India commissions Vikram-class OPV Vajra


According to information published by The Pioneer on March 24, 2021, Indian Coast Guard ship Vajra, the sixth offshore patrol vessel to enhance coastal security, was formally commissioned into service.
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Russian Vyborg Shipyard laid the Purga ice class coastguard ship of project 23550 925 001 6th Vikram-class Offshore Patrol Vessel Vajra (Picture source: Twittert account of Defence Decode)


At an event to mark the commissioning of the ship, Chief of Defence staff General Bipin Rawat formally unveiled a 'plaque' and the ship's name board 'Vajra' meaning 'Thunderbolt' at the Chennai Port Trust.

The ship was indigenously designed and built by Larsen and Toubro Ship building Ltd. Sixth in the series of seven offshore patrol vessels, Vajra is fitted with highly sophisticated navigation and communication systems.

The ship has a 30mm gun as main armament and equipped with 2 FCS controlled 12.7 mm SRCG (Stabilised Remote Controlled Gun) for enhanced fighting efficiency. Some of the hi-tech features of the vessel include -- an integrated bridge system, high power external fighting System, bow thruster and automated power management system.

The ship is designed to carry one twin engine helicopter with night flying capabilities and also four high speed boats, two rigid hull inflatable boats for taking up search and rescue, law enforcement and maritime patrolling.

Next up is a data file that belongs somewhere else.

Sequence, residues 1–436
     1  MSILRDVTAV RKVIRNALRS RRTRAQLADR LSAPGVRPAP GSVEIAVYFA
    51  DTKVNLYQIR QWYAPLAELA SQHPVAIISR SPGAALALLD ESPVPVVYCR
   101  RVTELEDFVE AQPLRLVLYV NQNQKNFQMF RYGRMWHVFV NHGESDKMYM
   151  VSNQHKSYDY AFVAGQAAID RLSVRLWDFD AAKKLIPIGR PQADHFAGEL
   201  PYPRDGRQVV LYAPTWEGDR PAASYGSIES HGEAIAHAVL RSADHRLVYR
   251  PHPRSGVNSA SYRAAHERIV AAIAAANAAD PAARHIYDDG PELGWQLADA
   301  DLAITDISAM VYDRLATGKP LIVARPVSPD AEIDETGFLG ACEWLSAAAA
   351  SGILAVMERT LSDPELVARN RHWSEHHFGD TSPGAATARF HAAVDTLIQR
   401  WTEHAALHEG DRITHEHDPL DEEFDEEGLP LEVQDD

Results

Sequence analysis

A pollution response equipment to contain oil spills at sea is fitted in the ship, which is propelled by twin MTU 8000 series engines, capable of achieving 26 knots of top speed and endurance of 5,000 nautical miles.

Deputy inspector general Alex Thomas is the commanding officer of the ship, which would have 14 officers and 88 men. OPV Vajra would be based at Tuticorin under the operational control of coast guard eastern region.

The Vikram-class offshore patrol vessel is a series of seven offshore patrol vessels (OPV).

The class is 97 metres (318 ft 3 in) long, 15 metres (49 ft 3 in) wide, with a 3.6-metre (11 ft 10 in) draught and has a displacement of 2,140 tonnes. It is capable of maximum speed of 26 knots (48 km/h; 30 mph) with a range of 5,000 nautical miles (9,300 km; 5,800 mi) at a cruising speed of 12 to 14 knots (22 to 26 km/h; 14 to 16 mph). The class will be armed with a 30 mm (1.18 in) CRN 91 Naval Gun, two 12.7 mm (0.50 in) heavy machine guns with fire control system, a helicopter for various operational, surveillance, and search and rescue missions. It also has modern radar; navigation and communication systems; front propulsion pods providing high maneuverability. It has been indigenously designed and has undergone dual certification from the American Bureau of Shipping and Indian Register of Shipping. The ships would be tasked with the roles of policing maritime zones, control and surveillance, search and rescue, pollution response, anti-smuggling and anti-piracy in the economic zones of the country.


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